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Group of Six Statues 270m South of Wrest Park House

A Grade II Listed Building in Silsoe, Central Bedfordshire

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Latitude: 52.0054 / 52°0'19"N

Longitude: -0.4116 / 0°24'41"W

OS Eastings: 509126

OS Northings: 235297

OS Grid: TL091352

Mapcode National: GBR G3S.BR8

Mapcode Global: VHFQV.TV8J

Entry Name: Group of Six Statues 270m South of Wrest Park House

Listing Date: 10 January 1985

Last Amended: 18 May 2012

Grade: II

Source: Historic England

Source ID: 1321796

English Heritage Legacy ID: 37734

Location: Silsoe, Central Bedfordshire, MK45

County: Central Bedfordshire

Civil Parish: Silsoe

Traditional County: Bedfordshire

Lieutenancy Area (Ceremonial County): Bedfordshire

Church of England Parish: Silsoe

Church of England Diocese: St.Albans

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A group of six mid C19 statues on C18 pedestals.


MATERIALS: carved from Italian Carrara white marble and placed on Ketton stone pedestals.

DESCRIPTION: the group of statues is situated approximately 270m south of Wrest Park House around a sundial (Grade II). The statue of Hebe is the north eastern of the group, and is a slightly larger sized copy of an original by Bertel Thorvaldsen (1770-1844) who together with Canova was the leading sculptor operating in Rome in the early C19. Hebe was the youthful cup bearer to the gods and is portrayed in classical dress holding a dish in the left hand and ewer in her right.

The easternmost statue of the group is of a dancing bacchante who is one of three provocatively and partially dressed figures. She is wearing an animal skin tunic with the fur on the inside which is tied with a bow at her waist. The skin hangs down on her right side, exposing her breast, and with her right hand she holds a fold away from her legs. Her left arm is raised holding a bunch of grapes which are now quite weathered. Her hair is tied back in a bun and she wears a garland of vine leaves in her hair. Between her feet are two cymbals.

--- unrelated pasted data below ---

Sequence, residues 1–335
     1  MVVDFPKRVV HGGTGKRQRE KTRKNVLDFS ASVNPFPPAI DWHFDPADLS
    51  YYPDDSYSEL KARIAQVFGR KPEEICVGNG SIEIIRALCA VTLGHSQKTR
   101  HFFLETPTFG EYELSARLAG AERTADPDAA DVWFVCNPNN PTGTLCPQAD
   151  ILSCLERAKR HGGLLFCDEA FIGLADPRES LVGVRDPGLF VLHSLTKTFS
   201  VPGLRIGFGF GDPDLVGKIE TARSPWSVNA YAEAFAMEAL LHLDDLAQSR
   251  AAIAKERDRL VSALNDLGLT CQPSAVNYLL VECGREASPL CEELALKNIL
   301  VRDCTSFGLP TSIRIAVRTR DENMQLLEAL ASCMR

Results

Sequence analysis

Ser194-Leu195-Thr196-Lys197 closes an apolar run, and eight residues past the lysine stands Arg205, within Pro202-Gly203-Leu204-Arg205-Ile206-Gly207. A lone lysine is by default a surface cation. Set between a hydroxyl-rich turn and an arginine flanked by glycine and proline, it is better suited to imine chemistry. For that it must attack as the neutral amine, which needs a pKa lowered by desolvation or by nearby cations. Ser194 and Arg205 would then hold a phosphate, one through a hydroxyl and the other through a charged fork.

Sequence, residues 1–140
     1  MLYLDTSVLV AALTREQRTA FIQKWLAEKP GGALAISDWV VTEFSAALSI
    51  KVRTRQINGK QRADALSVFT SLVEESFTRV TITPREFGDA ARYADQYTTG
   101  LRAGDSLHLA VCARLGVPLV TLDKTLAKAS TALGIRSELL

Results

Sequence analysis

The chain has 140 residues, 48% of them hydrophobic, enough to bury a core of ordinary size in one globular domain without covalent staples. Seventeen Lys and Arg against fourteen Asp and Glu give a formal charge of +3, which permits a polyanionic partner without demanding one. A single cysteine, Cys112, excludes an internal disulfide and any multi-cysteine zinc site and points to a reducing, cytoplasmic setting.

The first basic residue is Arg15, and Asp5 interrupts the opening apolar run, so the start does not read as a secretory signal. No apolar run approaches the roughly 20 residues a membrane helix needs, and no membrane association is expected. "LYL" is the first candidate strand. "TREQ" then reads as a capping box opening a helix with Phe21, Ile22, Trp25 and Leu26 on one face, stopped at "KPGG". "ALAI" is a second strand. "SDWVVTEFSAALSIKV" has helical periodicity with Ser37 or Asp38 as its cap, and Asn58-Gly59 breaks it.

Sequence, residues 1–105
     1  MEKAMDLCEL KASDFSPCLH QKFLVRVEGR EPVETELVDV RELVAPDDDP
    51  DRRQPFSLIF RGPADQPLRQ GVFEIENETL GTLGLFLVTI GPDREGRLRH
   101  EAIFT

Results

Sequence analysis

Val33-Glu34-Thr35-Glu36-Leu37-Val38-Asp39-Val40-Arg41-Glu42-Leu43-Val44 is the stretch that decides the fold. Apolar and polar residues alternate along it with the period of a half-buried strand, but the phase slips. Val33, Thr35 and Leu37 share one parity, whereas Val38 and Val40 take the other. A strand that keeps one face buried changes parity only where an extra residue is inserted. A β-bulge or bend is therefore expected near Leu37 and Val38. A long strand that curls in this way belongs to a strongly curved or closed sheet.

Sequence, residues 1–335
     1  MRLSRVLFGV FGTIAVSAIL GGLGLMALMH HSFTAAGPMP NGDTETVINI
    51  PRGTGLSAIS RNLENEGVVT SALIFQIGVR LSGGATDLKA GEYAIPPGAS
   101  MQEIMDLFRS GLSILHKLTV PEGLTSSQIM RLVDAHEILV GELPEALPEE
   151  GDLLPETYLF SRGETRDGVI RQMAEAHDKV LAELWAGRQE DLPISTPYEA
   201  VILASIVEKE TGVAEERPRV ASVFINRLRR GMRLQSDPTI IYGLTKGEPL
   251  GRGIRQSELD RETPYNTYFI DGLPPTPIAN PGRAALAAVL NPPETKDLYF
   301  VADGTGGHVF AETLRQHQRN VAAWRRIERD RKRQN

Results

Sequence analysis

The statue to the south-east of the group is also of a female bacchante and is again classically dressed in an animal skin tunic with the fur on the inside. The tunic is tied across the waist and she is wearing sandals. Her right leg is elevated from the ground in a dancing pose. Her head is tilted to the right and her untied hair is decorated in a garland of leaves and grapes. In her left hand she holds a tambourine which she is beating with her right hand. The statue is supported to the rear by a tree stump.

The statue to the south-west of the group depicts a Victorian subject portrayed in the manner of much mid C19 romantic sculpture; she is wearing a cloth cap and her head is tilted to her right as she looks upon a bird which is perched on her shoulder. She is lifting up her left arm in an effort to feed the bird. Her right hand lifts her tunic to the centre and this may contain seeds. Her left leg is straight, the right slightly bent and the whole is structurally re-enforced by a tree stump behind her left leg.